The updated version of The Critical Reader: AP® English Language and Composition Edition is now available.
The guide provides a comprehensive review of all the reading and writing skills tested on the revised 2020 version of the exam. It includes a complete chapter dedicated to each type of multiple-choice reading question; a new multiple-choice writing section; and a section devoted to the three essays, with real student samples and detailed scoring analyses based on the new College Board rubric.
Click here to read a preview.
Please note: The primary changes involve the elimination of vocabulary-based, multiple-answer (I, II, III), and rhetoric questions from the reading section; the addition of a multiple-choice writing section; and a switch from a 9- to a 6-point essay-scoring rubric (essays themselves remain the same).
If you already have the 2018/2019 version of this book, we recommend supplementing it with rhetoric questions from SAT Writing and Language passages, ACT English passages, or the Fixing Paragraphs section of the pre-2016. Click here for examples of real essays scored according to the new rubric.
As I alluded to my previous post, the U. Wisconsin-Madison cognitive psychologist and reading specialist Mark Seidenberg has posted a rebuttal to Lucy Calkins’s manifesto “No One Gets to Own the Term ‘Science of Reading’” on his blog. For anyone interested in understanding the most recent front in the reading wars, I strongly recommend both pieces.
What I’d like to focus on here, however, are the ways in which Calkins’s discussion of phonics reveal a startlingly compromised understanding of the subject for someone of her influence and stature.
In recent years, and largely—as Seidenberg explains—in response to threats to her personal reading-instruction empire, Calkins has insisted that she really believes in the importance of systematic phonics, a claim that comes off as somewhat dubious given the obvious emphasis she places on alternate decoding methods, e.g., covering up letters, using context clues, etc. (Claude Goldenberg, the emeritus Stanford Ed School professor who helped author the recent report on Units of Study, also does a good job of showing how Calkins attempts to play to both sides of the reading debate while clearly holding tight to three-cueing methods.)
That’s obviously a problem, but I think the real question is even more fundamental: not just whether Calkins truly supports the teaching of phonics, but whether she understands what phonics is. (more…)
I’ve been so wrapped up in trying to finish my AP English book updates these last few weeks that I somehow missed a new front in the reading wars: Emily Hanford recently published another American Public Media article, this one casting a critical look at Columbia University Teachers College professor Lucy Calkins and her enormously lucrative and influential Units of Study program.
Although Calkins claims to be in favor of phonics (when appropriate, as long as it doesn’t interfere with children’s love of reading), her guides for teachers promote a series of methods that effectively embody the three-cueing system.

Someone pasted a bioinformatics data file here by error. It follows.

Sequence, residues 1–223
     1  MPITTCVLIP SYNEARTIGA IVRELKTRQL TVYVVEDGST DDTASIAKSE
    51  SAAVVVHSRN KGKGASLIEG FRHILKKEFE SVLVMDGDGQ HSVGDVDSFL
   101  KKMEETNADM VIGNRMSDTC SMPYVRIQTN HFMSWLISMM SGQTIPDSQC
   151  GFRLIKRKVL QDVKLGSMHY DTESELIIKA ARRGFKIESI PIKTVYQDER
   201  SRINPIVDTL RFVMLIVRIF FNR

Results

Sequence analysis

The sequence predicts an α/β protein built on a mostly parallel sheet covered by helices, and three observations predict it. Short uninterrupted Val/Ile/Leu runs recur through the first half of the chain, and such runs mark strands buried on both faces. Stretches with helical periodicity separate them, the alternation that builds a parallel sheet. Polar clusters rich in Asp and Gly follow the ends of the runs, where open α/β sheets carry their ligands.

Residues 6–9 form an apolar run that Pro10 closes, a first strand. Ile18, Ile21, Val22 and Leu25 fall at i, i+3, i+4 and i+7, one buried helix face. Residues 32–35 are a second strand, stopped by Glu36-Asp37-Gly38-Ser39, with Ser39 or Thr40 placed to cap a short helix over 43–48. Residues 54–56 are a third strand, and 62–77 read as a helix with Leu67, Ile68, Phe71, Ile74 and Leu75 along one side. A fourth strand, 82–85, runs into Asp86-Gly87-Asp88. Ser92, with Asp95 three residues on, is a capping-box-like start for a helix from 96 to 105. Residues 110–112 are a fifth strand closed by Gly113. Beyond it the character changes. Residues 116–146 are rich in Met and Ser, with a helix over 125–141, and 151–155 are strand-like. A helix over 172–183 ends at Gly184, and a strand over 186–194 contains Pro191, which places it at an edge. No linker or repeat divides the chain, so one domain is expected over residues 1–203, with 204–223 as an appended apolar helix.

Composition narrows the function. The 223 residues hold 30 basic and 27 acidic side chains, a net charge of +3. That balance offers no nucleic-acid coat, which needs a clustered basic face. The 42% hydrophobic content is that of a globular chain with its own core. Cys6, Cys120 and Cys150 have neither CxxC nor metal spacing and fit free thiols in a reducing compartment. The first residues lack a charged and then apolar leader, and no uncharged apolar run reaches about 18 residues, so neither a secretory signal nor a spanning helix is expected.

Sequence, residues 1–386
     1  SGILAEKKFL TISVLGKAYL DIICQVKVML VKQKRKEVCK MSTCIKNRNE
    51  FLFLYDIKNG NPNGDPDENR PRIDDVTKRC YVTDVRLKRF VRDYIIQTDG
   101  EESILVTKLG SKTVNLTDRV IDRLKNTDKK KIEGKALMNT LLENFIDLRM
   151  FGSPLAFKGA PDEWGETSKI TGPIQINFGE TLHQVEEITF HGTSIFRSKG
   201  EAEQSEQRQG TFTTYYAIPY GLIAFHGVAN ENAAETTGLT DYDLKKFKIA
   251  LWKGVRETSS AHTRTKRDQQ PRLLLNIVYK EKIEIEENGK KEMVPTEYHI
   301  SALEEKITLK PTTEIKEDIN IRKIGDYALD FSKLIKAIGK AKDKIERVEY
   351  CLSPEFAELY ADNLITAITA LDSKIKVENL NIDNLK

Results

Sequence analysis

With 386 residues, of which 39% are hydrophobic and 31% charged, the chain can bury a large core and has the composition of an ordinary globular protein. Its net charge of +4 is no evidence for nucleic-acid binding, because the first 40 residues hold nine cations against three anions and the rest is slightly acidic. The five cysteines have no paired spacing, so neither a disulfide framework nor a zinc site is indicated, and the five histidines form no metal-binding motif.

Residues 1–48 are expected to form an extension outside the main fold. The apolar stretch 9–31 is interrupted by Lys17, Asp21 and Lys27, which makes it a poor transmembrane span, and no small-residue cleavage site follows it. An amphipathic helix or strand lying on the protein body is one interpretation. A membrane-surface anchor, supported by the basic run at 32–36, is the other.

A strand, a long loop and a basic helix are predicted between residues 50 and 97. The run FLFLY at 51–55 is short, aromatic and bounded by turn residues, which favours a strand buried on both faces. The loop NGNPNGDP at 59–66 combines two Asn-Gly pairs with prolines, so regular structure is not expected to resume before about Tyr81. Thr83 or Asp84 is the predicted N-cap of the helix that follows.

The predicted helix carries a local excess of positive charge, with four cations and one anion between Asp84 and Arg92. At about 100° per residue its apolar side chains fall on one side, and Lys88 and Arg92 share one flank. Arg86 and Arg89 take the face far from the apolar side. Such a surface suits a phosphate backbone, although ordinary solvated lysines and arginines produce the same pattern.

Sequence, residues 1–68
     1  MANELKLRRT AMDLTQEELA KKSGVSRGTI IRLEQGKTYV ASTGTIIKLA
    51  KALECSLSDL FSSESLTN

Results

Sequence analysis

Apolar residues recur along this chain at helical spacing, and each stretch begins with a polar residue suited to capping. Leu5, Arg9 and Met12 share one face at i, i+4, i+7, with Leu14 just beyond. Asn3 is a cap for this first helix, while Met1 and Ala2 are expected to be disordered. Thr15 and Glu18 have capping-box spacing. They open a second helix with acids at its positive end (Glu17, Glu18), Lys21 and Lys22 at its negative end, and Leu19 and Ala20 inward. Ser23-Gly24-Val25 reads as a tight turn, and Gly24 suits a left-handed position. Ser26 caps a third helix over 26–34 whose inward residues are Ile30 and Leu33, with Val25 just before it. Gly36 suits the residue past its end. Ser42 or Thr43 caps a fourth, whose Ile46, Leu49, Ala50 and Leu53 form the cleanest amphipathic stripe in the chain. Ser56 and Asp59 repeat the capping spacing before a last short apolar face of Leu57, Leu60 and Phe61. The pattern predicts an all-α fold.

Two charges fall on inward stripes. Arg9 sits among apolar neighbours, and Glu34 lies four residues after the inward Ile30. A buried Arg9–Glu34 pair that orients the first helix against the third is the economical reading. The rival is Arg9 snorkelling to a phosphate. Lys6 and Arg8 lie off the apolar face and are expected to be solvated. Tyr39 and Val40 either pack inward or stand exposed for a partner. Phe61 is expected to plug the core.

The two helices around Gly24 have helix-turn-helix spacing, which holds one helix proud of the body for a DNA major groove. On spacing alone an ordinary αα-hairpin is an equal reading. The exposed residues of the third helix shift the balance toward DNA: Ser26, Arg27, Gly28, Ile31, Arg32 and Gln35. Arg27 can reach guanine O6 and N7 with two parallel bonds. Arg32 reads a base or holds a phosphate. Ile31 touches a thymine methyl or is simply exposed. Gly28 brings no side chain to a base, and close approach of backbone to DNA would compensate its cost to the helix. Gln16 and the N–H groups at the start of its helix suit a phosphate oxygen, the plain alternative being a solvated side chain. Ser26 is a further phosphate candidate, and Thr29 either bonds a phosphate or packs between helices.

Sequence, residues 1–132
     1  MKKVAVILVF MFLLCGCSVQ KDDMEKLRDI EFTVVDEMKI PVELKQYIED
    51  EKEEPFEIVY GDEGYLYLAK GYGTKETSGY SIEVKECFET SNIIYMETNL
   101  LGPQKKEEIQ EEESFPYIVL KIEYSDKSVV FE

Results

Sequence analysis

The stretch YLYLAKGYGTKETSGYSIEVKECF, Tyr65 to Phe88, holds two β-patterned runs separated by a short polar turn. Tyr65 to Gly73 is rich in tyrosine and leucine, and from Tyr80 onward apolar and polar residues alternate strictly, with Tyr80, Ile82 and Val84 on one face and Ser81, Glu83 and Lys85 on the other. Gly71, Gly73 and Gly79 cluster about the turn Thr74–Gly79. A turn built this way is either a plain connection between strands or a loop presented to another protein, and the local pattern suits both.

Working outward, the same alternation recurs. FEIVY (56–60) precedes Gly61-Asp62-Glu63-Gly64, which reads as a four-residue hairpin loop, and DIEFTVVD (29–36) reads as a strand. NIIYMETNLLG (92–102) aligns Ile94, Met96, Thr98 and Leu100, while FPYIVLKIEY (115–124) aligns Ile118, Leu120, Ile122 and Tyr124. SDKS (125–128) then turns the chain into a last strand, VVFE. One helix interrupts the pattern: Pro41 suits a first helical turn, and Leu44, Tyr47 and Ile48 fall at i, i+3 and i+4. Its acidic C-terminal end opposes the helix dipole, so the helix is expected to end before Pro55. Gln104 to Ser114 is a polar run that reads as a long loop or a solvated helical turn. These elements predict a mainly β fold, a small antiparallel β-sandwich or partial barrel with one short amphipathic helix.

The cognitive scientist Mark Seidenberg, a specialist in reading problems who teaches at the University of Wisconsin-Madison, has an excellent blog post in which he methodically dismantles Calkins’s attempts to distance herself from three-cueing methods, and demonstrates the extent to which Calkins engages in semantic game-playing. His reading of Calkins’s work also hints at the depth of her misunderstandings about phonics, some of which are rather astounding. I think they’re very important to highlight, and I’d like to do so in another post. (more…)
In July of 2015, the math teacher and author of the Truth in American Education blog Barry Garelick wrote an article in which he described the convoluted explanations to simple math problems that students were expected to produce under Common Core, the logic being that the ability to describe one’s mathematical thinking in detail was a sign of “deep understanding.”
As Barry pointed out, however, the process of describing one’s thinking became an end in itself rather a sign of actual comprehension. Essentially, students were being trained to display a set of behaviors that made it appear as if they were thinking deeply, whether or not they truly understood—a phenomenon he termed “rote understanding.”
I still think this is one of the most brilliant phrases I’ve come across in the edu-blogosphere; it perfectly captures the superficial, performative quality that is often held up as a signal of “true education” or “authentic learning.”
So with Barry as my inspiration, allow me to propose a term of my own: ladies and gentlemen, I give you “rote creativity.” (more…)
I was browsing through the admissions section of Inside Higher Ed recently when I came across a brief article announcing that Caltech had decided to move from requiring two SAT IIs (one math and one science) to making the exams optional. Now, over the last few years virtually every selective college—with the exception of a few engineering schools—has downgraded SAT from “required” to “recommended.” The fact that one more school is jumping on the bandwagon might not seem particularly noteworthy, just one incidence of the backlash against standardized testing.
Because the story involves Caltech in particular, however, it’s somewhat more interesting than it might at first appear. Not only because Caltech has traditionally been seen as a bastion of uncompromising rigor, but also because it’s difficult to see the move as separable from the school’s downward trajectory in the US News and World Report Ranking over the past 20 years, especially over the last decade. (more…)
Attention! This post has moved.
It can now be found at https://www.breakingthecode.com/reading-is-a-four-dimensional-problem/